And while I dont like d&d,I have to admit that it was a great starting point for me,and 4th edition,as bad as I think it is for any real role playing,is even better an introduction for new people than the one I started with.So it is a good system for what it was designed to be,a gateway drug….I mean,an introductory rpg.

          • Wide And Nerdy says:

            An introductory drug that leaves long time players in the cold. “Oh you enjoyed playing your character such and such way? Well too bad.”

            And as for saying “can be played coop” That is what the game is designed for. Its balanced completely on the assumption that party members are going to work together against an common threat or towards a common goal. Classes like the bard for example, can be quite viable in PVE if you play them right but its almost impossible to make them work in PVP.

            My groups rarely ever had balance issues and I seldom played with great DMs. Its not rocket science. Look at what your players can do, and give them opportunities to do that stuff. In dungeons, don’t let your players sleep. That takes care of the fighter/spellcaster dichotomy really easily. Employ any of the number of enemies who are resistant to common wizard attacks. Encourage them to fall back on secondary strategies like terrain control, buffing and summoning. The wizard’s job in battle then becomes setting things up so that the other characters can be awesome.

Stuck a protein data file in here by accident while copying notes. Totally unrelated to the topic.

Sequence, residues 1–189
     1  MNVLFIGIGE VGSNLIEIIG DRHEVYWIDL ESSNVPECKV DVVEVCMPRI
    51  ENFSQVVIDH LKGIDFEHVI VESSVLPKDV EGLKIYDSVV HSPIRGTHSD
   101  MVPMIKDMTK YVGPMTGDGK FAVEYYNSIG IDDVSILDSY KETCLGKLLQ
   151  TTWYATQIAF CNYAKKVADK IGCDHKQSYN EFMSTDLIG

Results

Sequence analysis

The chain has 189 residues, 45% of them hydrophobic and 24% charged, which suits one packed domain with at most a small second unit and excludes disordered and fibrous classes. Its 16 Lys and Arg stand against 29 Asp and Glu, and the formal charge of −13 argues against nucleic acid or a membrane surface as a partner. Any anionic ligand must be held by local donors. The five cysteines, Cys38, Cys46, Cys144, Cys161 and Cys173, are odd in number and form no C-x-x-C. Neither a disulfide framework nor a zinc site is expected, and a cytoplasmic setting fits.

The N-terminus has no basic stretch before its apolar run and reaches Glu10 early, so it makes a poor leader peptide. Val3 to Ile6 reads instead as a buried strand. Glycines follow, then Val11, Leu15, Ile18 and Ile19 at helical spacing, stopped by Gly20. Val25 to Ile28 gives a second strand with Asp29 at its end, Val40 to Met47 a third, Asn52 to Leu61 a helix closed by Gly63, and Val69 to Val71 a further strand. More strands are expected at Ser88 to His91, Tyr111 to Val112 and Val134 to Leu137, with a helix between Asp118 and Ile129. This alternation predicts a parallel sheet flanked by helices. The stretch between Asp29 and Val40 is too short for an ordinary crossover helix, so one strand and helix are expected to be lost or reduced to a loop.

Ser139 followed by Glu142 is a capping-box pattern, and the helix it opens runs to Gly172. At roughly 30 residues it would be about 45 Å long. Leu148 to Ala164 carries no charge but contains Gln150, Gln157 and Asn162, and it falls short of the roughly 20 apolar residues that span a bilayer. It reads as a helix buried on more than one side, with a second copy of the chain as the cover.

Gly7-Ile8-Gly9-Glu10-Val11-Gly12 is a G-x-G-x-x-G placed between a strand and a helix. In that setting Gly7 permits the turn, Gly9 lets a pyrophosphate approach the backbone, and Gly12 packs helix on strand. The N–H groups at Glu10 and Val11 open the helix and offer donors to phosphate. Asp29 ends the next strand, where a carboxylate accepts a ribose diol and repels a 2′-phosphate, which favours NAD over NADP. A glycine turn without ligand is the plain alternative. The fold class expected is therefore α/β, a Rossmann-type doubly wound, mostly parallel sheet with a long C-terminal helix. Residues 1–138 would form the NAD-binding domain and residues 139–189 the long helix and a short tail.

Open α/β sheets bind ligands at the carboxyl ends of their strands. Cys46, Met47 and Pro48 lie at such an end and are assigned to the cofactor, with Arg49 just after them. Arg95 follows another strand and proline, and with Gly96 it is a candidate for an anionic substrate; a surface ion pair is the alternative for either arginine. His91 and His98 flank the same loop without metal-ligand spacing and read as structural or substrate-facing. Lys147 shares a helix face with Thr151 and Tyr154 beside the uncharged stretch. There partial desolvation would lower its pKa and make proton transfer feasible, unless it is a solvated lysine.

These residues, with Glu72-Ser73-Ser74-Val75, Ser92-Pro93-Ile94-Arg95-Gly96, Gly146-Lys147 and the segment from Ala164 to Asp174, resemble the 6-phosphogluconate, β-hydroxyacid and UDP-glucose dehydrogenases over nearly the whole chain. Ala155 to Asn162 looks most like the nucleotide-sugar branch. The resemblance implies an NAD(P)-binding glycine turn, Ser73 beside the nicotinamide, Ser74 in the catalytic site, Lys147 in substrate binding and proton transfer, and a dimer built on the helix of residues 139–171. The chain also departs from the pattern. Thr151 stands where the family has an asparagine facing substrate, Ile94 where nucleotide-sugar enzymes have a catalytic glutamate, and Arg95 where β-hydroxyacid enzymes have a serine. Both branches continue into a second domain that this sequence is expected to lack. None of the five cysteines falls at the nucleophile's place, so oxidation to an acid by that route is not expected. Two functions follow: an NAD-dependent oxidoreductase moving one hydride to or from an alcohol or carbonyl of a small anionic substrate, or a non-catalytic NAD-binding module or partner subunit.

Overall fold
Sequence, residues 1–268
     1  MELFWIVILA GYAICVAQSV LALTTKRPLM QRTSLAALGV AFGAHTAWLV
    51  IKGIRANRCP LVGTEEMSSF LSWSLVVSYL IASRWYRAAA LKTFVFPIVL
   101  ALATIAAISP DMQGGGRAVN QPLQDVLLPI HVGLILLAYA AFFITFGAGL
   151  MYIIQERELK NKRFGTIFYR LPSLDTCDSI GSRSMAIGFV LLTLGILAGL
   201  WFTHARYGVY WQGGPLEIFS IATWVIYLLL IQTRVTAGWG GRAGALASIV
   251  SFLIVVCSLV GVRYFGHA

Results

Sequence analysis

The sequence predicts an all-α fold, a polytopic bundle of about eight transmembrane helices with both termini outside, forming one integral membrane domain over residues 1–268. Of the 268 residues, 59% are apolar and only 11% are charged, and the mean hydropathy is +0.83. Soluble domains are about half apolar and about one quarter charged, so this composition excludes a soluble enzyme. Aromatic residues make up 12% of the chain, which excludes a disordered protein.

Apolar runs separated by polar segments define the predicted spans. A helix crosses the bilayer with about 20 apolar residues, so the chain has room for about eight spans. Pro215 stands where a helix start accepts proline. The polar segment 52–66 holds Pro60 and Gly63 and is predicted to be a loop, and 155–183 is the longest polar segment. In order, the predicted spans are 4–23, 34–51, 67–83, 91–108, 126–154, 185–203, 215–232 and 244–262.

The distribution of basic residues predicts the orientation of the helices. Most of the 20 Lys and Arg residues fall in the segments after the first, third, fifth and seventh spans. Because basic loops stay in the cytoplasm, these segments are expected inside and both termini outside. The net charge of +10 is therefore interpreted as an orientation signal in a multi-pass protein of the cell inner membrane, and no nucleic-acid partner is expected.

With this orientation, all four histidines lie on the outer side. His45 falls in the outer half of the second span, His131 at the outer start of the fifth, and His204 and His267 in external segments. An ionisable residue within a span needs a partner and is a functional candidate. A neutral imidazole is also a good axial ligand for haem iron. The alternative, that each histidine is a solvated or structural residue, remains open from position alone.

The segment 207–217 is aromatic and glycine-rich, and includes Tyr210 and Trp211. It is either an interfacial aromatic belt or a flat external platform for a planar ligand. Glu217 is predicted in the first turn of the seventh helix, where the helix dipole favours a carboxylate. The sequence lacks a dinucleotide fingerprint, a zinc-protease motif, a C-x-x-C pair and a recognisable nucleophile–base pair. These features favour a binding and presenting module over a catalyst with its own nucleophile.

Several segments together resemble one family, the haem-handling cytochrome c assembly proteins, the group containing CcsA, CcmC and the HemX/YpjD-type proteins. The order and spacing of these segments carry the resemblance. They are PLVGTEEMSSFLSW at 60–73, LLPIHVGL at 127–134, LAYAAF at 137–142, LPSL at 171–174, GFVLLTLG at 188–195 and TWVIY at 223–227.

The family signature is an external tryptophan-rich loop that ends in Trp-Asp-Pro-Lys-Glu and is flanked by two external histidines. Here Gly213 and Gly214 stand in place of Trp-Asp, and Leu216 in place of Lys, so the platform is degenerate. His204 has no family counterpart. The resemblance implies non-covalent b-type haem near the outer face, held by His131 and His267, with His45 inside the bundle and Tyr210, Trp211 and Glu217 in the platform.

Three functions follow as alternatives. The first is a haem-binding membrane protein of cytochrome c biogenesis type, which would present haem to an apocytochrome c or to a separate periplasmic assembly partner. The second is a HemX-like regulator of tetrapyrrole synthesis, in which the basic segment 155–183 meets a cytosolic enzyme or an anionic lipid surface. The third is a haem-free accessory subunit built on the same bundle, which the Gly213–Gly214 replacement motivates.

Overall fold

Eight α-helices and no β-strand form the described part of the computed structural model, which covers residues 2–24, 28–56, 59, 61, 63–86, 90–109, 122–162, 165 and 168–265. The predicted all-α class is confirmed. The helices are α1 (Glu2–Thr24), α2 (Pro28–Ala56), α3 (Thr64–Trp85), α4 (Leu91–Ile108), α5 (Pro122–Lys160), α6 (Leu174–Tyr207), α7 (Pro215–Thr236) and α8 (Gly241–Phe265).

Personally, I do think spellcasters should be allowed to be more powerful, especially wizards because they’re more work, especially at higher levels. You have to do research, anticipate challenges, spend lots of gold to keep your spellbook up to snuff (not to mention what happens when he loses it.)

            And again, Diablo 3 is a computer game. If a player builds a broken character in Diablo, nothing can be done about it till the devs release a patch. In DnD, the problem can be addressed immediately.

            • Indy says:

              It seems like you’re complaining about the “straight out of the box” campaigns and rules of 4th edition and comparing them to custom campaigns and rules for previous editions. It’s still possible have all that flexibility in 4th ed because, as you said, there’s a human running it and not a computer.

              • Wide And Nerdy says:

                My suggestions in the third paragraph require absolutely no adjustment of the rules. You can use standard beasts, dungeons and traps. Its easy enough to prevent sleep just by having a threat of roving monsters. At higher levels, you can place wards (which are in the standard rules) when you don’t want the spellcaster falling back on tricks like teleport or extradimensional hideouts.